An audit released Thursday takes issue with some spending decisions made by the Missouri Department of Transportation.

An audit released Tuesday finds that Missouri Attorney General Chris Koster's office has not instituted a policy to guard against conflicts of interest. In response, Koster noted that his campaign organization had instituted changes following earlier news reports about possible conflicts.

Missouri lawmakers are heading home as their annual spring break has arrived, but they took time before leaving to tout their mid-term accomplishments.

Missouri Capitol
j.stephenconn / Flickr

Republican house members are calling the first half of Missouri’s 2015 legislative session a success as they leave the Capitol for their annual spring break. House Speaker John Diehl praised the House for passing the state budget three weeks earlier than usual, and listed the passage of right-to-work, a student transfer fix, medical malpractice, and photo voter ID as the house’s main accomplishments.   Jake Hummel, the top Democrat in the House, however slammed GOP leaders for not expanding Medicaid.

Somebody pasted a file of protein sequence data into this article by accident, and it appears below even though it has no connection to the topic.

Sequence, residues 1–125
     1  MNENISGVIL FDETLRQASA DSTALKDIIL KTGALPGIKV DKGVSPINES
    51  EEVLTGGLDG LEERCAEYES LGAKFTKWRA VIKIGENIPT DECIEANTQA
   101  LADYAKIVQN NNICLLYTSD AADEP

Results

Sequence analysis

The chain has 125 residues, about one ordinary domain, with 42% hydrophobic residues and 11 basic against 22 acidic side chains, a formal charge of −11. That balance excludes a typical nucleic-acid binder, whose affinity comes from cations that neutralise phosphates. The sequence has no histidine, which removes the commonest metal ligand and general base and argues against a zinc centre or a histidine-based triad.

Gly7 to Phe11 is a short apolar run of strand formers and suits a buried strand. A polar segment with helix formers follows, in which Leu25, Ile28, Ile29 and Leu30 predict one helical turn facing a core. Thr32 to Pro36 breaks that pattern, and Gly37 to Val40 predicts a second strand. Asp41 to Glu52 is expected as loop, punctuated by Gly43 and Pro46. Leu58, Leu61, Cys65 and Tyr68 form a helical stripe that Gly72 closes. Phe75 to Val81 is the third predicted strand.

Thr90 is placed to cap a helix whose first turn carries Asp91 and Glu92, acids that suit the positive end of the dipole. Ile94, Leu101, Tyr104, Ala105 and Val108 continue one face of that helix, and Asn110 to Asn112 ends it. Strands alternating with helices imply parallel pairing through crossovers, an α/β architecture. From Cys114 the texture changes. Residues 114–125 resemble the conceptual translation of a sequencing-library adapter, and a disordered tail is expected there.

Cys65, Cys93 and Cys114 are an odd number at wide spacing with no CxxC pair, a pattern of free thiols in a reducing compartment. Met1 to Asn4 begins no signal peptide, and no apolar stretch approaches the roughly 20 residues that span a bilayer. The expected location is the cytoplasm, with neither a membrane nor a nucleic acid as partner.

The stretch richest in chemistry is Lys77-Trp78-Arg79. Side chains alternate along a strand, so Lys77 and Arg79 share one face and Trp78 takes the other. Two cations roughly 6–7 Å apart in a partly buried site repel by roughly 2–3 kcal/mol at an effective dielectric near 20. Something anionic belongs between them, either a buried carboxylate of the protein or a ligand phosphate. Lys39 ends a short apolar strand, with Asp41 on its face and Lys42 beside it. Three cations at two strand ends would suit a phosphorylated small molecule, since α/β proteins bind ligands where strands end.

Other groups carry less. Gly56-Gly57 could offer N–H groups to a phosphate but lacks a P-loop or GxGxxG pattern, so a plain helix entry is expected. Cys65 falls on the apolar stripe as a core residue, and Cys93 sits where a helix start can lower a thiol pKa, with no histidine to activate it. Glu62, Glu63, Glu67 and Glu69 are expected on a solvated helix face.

The length of time a Missourian could receive welfare benefits would be cut in half, if legislation passed by the Missouri House becomes law.

Missouri Capitol
j.stephenconn / Flickr

Some Republican state lawmakers are demanding that John Hancock resign as GOP party chairman, even as Hancock continues to deny that he was behind an alleged anti-Semitic whispering campaign targeted at state auditor Tom Schweich. Senator David Pearce of Warrensburg says the problem is part of a, quote, “systemic issue” in the state’s GOP.

jay nixon
File Photo / KBIA

Governor Jay Nixon has sketched out what he calls "clear areas for improvement" in Missouri’s municipal court system in the wake of the U.S. Justice Department’s blistering report on the police and city courts in Ferguson. So far Nixon is focusing primarily on beefing up the 1995 Mack’s Creek law.

In an address to the Missouri Bar on Friday, March 6, Nixon described the court systems of Ferguson and other towns that use police and courts to generate revenue as having gone awry.

Missouri Capitol
David Shane / Flickr

The Missouri House or Senate will not consider any new bills to address concerns by the U.S. Justice Department over the operations of the Ferguson Police Department.  That’s because it’s now too late to file any new legislation this year.  Senate President Pro-tem Tom Dempsey says a few already-filed Ferguson-related bills are being worked on.